3. If you want to get a QString representation of an URL from a QUrl use always QUrl::toEncoded ().

Bogus examples for each case:

Local file

/mypath/my#file.jpg

Correct:

QUrl myUrl = QUrl::fromLocalFile("/mypath/my#file.jpg")

Incorrect:

QUrl myUrl = QUrl("file:///mypath/my#file.jpg")

The problem here is the way QUrl will treat the “#” character in the second example. It will think, as it actually doesn’t have a way of guessing, that the character is delimiting the fragment part of the URL.

Fragment part on an URL

Fragment part on an URL

As a result, calling to:

myUrl.toLocalFile()

in the first case will result to:

/mypath/my#file.jpg

while in the second will be:

/mypath/my

Parsing mode

/mypath/my#file.jpg

(encoded) url representation:

file:///mypath/my%23file.jpg

Correct:

QUrl myUrl = QUrl::fromEncoded("file:///mypath/my%23file.jpg", QUrl::StrictMode)

Incorrect:

QUrl myUrl = QUrl::fromEncoded("file:///mypath/my%23file.jpg")

The problem here is the way QUrl will treat the “%23” encoding in the second example. Although it is not explicitly explained in the documentation [ 2 ], QUrl will use QUrl::TolerantMode as ParsingMode by default. Therefore, it will think that the input comes from an ignorant user which was actually trying to pass “file:///mypath/my#file.jpg”. Again, it will understand after converting back “%23” to “#”, that the character is delimiting the fragment part of the URL.

As a result, calling to:

myUrl.toLocalFile()

in the first case will result to:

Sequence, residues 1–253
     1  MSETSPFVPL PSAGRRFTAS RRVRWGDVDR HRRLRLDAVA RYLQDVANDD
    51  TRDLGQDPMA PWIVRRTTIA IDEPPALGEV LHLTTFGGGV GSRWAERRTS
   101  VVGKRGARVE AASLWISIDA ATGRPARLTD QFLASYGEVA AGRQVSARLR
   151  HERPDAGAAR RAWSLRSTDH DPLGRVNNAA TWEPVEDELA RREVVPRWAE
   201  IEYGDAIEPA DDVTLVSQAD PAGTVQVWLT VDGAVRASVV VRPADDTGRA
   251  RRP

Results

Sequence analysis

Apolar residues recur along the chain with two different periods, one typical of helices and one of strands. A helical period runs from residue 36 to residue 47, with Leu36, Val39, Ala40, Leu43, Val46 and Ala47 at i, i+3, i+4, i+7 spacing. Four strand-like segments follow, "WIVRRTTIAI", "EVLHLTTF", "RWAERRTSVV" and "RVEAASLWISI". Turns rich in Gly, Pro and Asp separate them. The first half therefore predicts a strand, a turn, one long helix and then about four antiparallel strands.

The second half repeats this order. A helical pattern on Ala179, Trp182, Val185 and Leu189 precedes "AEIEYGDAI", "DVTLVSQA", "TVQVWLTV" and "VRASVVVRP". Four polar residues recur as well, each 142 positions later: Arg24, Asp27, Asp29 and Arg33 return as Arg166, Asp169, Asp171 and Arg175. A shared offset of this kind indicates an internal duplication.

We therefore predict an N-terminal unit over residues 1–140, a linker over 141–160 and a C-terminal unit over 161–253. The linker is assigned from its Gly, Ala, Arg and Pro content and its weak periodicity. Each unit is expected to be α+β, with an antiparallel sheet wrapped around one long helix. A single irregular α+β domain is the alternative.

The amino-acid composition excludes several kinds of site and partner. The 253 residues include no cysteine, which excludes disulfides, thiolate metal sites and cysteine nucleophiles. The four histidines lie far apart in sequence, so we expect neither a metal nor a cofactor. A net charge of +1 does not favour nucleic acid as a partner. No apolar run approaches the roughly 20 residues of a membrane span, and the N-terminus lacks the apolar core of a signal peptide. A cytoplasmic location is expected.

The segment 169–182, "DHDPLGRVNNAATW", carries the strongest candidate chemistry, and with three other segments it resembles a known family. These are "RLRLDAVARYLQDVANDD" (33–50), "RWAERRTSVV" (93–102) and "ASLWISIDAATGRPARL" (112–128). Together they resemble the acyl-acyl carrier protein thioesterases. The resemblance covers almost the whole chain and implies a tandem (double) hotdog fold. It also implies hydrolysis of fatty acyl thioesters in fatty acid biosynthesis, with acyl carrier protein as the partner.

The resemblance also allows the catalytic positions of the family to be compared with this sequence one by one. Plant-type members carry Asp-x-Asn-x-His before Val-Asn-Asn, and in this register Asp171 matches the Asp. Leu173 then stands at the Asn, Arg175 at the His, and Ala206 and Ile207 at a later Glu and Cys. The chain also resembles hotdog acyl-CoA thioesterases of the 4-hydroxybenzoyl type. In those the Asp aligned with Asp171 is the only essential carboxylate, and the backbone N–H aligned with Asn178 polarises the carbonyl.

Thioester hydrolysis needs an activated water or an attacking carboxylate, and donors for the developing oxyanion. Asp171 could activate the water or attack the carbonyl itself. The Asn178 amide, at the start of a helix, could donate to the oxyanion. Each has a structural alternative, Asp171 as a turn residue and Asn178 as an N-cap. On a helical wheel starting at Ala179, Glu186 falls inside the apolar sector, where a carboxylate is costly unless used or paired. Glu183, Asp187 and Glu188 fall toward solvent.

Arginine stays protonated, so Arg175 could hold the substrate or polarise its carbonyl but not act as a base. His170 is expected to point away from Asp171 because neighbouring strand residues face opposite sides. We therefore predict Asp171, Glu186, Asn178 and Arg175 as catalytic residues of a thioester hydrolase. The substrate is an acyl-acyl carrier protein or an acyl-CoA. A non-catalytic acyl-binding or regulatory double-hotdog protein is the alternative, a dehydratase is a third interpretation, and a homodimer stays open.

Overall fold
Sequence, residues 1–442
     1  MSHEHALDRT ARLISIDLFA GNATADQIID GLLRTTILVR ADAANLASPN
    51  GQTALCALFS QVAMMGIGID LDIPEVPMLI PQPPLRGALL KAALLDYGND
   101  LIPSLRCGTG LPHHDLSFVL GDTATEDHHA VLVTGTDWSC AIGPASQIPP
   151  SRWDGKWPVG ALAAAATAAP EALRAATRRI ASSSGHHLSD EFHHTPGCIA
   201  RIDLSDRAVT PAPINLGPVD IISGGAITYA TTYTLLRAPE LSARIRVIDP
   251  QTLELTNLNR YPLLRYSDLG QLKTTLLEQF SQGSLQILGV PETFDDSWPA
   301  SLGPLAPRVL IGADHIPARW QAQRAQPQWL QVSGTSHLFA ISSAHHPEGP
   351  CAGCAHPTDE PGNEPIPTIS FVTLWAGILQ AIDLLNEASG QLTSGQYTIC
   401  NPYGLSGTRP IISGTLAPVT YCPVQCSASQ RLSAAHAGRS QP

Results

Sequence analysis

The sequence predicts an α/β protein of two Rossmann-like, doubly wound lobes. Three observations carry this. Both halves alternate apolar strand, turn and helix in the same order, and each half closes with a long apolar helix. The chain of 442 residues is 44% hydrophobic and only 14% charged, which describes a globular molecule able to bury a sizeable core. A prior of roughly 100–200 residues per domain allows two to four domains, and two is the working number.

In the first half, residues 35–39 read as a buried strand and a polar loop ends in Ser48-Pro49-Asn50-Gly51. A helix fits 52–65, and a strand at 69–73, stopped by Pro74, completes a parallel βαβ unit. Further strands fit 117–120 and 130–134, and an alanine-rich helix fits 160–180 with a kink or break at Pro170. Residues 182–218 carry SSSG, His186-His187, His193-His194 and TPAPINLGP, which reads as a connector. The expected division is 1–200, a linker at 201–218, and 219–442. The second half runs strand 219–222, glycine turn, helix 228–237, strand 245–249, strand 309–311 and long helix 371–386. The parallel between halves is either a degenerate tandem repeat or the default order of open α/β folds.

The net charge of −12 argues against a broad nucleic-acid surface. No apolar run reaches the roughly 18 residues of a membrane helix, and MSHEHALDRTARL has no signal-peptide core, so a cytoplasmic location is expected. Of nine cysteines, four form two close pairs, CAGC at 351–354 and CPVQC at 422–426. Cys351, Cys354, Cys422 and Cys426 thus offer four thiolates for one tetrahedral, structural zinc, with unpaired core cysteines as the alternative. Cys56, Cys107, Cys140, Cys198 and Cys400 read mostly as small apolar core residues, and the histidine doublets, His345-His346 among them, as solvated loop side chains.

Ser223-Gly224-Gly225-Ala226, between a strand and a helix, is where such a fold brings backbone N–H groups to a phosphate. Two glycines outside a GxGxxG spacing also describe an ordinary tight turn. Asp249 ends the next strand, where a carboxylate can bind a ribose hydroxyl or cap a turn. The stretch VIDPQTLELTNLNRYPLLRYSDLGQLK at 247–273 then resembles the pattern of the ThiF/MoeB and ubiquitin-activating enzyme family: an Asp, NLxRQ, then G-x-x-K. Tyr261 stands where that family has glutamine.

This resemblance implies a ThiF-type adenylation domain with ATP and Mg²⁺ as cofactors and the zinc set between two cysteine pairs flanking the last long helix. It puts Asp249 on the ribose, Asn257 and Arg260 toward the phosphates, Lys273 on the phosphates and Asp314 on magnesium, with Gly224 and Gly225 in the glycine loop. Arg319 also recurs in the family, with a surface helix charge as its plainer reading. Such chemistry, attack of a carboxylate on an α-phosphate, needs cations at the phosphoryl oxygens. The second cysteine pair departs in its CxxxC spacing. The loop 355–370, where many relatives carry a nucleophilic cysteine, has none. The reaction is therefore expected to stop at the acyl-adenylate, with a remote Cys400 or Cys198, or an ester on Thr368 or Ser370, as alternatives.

/mypath/my#file.jpg

while in the second will be:

/mypath/my

Encoded usage

/mypath/my#file.jpg

(encoded) url representation:

file:///mypath/my%23file.jpg

(unencoded and wrong) url representation:

file:///mypath/my#file.jpg

Correct:

QUrl myUrl = QUrl::fromEncoded("file:///mypath/my%23file.jpg", QUrl::StrictMode)

Incorrect:

QUrl myUrl = QUrl("file:///mypath/my#file.jpg")

Here, we have another incarnation of the very same problem than the two examples above. QUrl will think, again, as it actually doesn’t have a way of guessing, that the character is delimiting the fragment part of the URL.

As a result, calling to:

myUrl.toLocalFile()

in the first case will result to:

/mypath/my#file.jpg

while in the second will be:

/mypath/my

Corollary:

The default behavior of QUrl is to provide an easy handling of URLs to the user of our programs, the end user, but not the user of QUrl, the developers. I find this quite awkward but, still, it is a decision of Qt people and, as developers, we only have to take this into account when writing our code.

These bogus URLs, which are to be corrected with the usage of the QUrl::TolerantMode ParsingMode, usually come from a text entry box “à là” browser location bar, but this use case is, actually, not so common when talking from the developer’s point of view. When dealing with URLs in our code we have to take into account what an URL is and how it should be formatted/encoded to be valid. Therefore, if I’m receiving a wrongly encoded URL I should go to the source code providing this URL and fix the problem there rather than trying to smartly guess which should be the proper URL. For example, in my software currently in development we use Tracker and I rely on it to feed my code with properly formatted URLs. If for some reason Tracker gives me a wrongly encoded one, the place for solving it is, actually, Tracker, and not my software. I should not and must not interpret what Tracker may have wanted to pass me, but open a bug in its bugzilla and provide as accurate information as I can to help them solve this issue.

Just so my friend Iván Frade doesn’t kill me, make notice that Tracker is, so far, perfectly dealing with URLs 🙂